You don't need to draw kids into the battle between the adults and attacking your ex (STBX) is only going to make them come to her defense.  But getting them to compare a known, experienced truth with a verbal lie will shine a light without an attack.

Custody Issues / Re: Custody
« on: Dec 23, 2017, 07:55:29 PM »
But crazy can't be hidden forever. It has a way of bubbling up and out. And it looks like the judge is seeing it. He didn't make a quick, snap decision.

Visitation Issues / Re: Domestic situation...
« on: Nov 07, 2017, 10:06:43 AM »
I agree with everything Ocean said except one thing.  "Maybe put the kids in counseling . . ."   No maybe about it.  Get the younger one in counseling with the oldest or in separate counseling but definitely get them in.  His words can mess with their heads for a long time to come and they need coping skills immediately.

« on: Oct 25, 2017, 01:07:07 PM »
My son sustained a head injury a few weeks before turning 18. Shortly after turning 18 (and still in high school) he was taken to the ER in connection to this same head injury.  The hospital intake person asked for his insurance information and asked how he was going to pay.  He looked at me and she said, "Don't look at her.  You're 18.  Her insurance will cover what it covers but she's not responsible for the copay."  He said, "But I'm still a student."  She said it didn't matter because he was 18.  This was in NC.  (Just as a side note, I did of course pay the copay because he was still in high school and it was my responsibility morally, if not legally.)

In your case, I believe he was emancipated and therefore solely responsible for the copay and noncovered costs. 

Custody Issues / Re: where do i legally begin
« on: Jul 27, 2017, 04:49:32 PM »
Some places will require mediation and coparenting classes. Wake County NC is one of those places.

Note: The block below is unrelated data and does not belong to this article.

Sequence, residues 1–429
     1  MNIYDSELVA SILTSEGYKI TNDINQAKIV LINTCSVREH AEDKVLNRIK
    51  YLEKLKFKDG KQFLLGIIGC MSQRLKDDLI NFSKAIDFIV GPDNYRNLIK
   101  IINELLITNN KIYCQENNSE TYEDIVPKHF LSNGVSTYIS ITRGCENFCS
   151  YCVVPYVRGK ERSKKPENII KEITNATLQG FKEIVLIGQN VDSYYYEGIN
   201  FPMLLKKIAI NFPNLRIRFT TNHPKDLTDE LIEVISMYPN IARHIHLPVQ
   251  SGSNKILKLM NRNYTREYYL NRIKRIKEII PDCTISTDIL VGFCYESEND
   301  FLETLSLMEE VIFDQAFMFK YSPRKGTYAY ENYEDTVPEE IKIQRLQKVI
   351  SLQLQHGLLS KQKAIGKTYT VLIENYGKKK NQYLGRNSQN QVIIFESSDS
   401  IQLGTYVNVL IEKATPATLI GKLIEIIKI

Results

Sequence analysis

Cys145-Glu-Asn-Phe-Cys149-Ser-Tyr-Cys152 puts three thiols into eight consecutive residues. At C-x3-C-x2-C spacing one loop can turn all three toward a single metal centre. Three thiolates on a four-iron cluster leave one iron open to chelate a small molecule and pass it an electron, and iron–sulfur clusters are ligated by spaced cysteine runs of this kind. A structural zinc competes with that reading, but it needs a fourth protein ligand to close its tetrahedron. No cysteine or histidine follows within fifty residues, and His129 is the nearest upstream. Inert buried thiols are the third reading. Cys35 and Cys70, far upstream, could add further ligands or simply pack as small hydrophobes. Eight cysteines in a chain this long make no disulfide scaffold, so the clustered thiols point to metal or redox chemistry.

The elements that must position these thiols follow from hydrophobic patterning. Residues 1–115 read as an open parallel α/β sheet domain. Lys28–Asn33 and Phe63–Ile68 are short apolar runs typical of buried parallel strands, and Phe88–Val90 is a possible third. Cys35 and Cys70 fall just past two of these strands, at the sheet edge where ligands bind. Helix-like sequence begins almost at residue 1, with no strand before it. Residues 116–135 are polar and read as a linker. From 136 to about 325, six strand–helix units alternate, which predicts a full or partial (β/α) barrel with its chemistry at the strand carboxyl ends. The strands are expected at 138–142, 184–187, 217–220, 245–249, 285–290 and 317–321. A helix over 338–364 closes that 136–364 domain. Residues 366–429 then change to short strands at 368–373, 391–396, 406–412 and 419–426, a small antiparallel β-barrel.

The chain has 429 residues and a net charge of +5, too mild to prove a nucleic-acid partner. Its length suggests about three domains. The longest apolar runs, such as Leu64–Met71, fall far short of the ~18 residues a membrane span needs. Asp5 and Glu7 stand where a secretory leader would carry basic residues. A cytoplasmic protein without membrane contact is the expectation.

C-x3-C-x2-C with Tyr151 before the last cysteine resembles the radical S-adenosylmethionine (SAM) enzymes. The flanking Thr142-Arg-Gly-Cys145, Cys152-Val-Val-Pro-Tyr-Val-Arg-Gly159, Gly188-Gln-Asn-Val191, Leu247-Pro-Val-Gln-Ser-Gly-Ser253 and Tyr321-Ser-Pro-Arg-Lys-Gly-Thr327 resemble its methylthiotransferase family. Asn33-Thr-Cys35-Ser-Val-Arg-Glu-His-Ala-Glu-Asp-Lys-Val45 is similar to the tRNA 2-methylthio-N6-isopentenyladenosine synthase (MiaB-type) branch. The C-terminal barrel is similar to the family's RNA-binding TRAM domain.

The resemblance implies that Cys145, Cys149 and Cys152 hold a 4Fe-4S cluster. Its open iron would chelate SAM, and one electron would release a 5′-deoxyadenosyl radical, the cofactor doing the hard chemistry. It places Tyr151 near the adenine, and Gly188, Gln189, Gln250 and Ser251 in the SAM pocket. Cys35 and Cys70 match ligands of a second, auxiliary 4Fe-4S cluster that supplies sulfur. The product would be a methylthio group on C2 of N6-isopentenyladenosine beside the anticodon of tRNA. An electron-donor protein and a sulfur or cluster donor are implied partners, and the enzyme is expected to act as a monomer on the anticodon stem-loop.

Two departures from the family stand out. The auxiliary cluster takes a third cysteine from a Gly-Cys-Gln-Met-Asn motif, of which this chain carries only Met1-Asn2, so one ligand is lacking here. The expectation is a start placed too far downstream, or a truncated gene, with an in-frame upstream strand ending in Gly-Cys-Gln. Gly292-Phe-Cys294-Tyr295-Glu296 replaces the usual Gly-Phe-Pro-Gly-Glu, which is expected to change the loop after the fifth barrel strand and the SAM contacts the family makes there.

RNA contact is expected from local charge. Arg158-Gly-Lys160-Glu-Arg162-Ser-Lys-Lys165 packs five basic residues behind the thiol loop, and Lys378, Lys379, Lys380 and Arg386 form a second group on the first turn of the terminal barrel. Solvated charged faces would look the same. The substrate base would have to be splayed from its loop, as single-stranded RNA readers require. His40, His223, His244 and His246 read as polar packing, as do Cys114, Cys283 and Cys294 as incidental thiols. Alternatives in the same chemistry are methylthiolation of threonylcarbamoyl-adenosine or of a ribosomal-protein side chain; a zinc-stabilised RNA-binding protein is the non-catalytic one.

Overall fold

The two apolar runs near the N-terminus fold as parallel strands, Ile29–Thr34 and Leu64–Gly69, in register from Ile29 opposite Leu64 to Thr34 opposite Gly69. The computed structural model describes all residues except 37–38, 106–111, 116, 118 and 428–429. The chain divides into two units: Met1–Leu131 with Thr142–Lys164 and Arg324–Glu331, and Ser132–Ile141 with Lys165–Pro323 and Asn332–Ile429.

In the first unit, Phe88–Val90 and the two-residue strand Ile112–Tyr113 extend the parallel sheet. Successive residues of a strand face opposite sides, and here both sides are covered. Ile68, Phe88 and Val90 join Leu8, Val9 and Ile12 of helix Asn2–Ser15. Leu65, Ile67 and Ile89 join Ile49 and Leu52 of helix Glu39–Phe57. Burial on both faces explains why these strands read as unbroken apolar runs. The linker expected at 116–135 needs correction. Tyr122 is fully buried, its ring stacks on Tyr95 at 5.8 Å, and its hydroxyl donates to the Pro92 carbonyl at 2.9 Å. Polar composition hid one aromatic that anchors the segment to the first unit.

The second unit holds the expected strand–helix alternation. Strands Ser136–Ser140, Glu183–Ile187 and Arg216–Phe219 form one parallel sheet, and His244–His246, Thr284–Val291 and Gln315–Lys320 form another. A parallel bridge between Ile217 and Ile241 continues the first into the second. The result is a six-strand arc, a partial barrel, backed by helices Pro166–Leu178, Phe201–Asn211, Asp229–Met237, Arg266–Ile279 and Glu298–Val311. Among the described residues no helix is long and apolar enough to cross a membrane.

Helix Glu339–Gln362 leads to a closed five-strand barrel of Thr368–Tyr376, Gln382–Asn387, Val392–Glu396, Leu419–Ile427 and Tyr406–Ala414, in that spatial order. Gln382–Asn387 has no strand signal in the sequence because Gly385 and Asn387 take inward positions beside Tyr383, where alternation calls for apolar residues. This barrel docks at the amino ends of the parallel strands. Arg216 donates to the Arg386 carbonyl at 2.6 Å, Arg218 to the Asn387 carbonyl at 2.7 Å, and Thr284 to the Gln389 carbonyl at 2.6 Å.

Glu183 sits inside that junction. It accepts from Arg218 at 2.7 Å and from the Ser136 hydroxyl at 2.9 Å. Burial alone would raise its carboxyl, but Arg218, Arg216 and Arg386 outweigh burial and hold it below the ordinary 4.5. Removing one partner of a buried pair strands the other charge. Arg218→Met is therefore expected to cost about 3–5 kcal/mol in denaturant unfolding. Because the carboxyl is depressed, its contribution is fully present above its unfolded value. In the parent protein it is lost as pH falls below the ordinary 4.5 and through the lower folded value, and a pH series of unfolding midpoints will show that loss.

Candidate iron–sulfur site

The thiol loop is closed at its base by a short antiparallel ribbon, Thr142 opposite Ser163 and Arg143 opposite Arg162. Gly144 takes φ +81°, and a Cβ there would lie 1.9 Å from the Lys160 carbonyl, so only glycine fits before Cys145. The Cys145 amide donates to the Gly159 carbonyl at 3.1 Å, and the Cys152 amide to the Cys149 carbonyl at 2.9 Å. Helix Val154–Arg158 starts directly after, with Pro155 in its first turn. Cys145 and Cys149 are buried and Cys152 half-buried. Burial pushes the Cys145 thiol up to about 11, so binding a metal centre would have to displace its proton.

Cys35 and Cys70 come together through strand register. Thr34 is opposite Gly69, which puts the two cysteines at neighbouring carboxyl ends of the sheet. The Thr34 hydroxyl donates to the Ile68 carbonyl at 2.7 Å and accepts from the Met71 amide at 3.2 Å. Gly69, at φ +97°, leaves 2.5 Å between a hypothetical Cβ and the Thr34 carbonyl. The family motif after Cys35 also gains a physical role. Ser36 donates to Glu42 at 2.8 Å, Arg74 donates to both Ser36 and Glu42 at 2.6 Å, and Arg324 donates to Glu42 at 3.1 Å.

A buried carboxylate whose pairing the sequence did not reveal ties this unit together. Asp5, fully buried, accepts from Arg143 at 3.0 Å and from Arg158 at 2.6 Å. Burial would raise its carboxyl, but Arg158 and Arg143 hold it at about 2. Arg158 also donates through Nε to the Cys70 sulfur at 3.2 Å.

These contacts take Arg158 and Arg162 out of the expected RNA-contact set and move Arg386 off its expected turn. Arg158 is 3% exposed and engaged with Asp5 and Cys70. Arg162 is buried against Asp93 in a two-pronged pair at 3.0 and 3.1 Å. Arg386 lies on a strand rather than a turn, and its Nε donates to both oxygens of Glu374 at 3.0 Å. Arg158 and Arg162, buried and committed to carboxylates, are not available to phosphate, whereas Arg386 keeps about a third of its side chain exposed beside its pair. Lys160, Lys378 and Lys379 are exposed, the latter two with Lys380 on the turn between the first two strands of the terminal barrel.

Custody Issues / Re: where do i legally begin
« on: Jul 27, 2017, 10:57:48 AM »
What state are you in?  What do you want?  (specifically, 50/50 custody? Joint legal with visitation/parenting time, full custody?)  Did the mom move out or you?  How long ago?  How far apart? What's the age of the child? Is there (real or false) an accusation of domestic violence?

Generally: You would petition the court for whichever custody/parenting plan you want.  You can do a search for examples.  If you give us specifics, we can try to be more helpful.

General Issues / Re: Transgender Children
« on: Jul 26, 2017, 11:04:05 AM »
Figured out how to get around it. Weird that they don't allow links. Probably due to spammers or something.

After you've posted for a while, the site will allow you to post links.  It's to prevent spammers from hitting the site.

Custody Issues / Re: Is this usual in high conflict situations?
« on: Jul 24, 2017, 06:20:30 AM »
My guess is your ex is having an overly emotional response to her "baby" growing up and moving away to college.  She may be dealing with regrets if she's been too busy getting between you and the child(ren) and not enough time teaching her how to be independent and self-sufficient.  She may realize that as the child turns 18, she'll have less control and you'll have more freedom. 

You said the older one is 17 (soon to be 18, I guess?).  How old is the younger child?  If close in age, this may be a short season of irrationality.  If not, I would expect her to double down on any attempts to get the younger to be "all hers" and none of yours.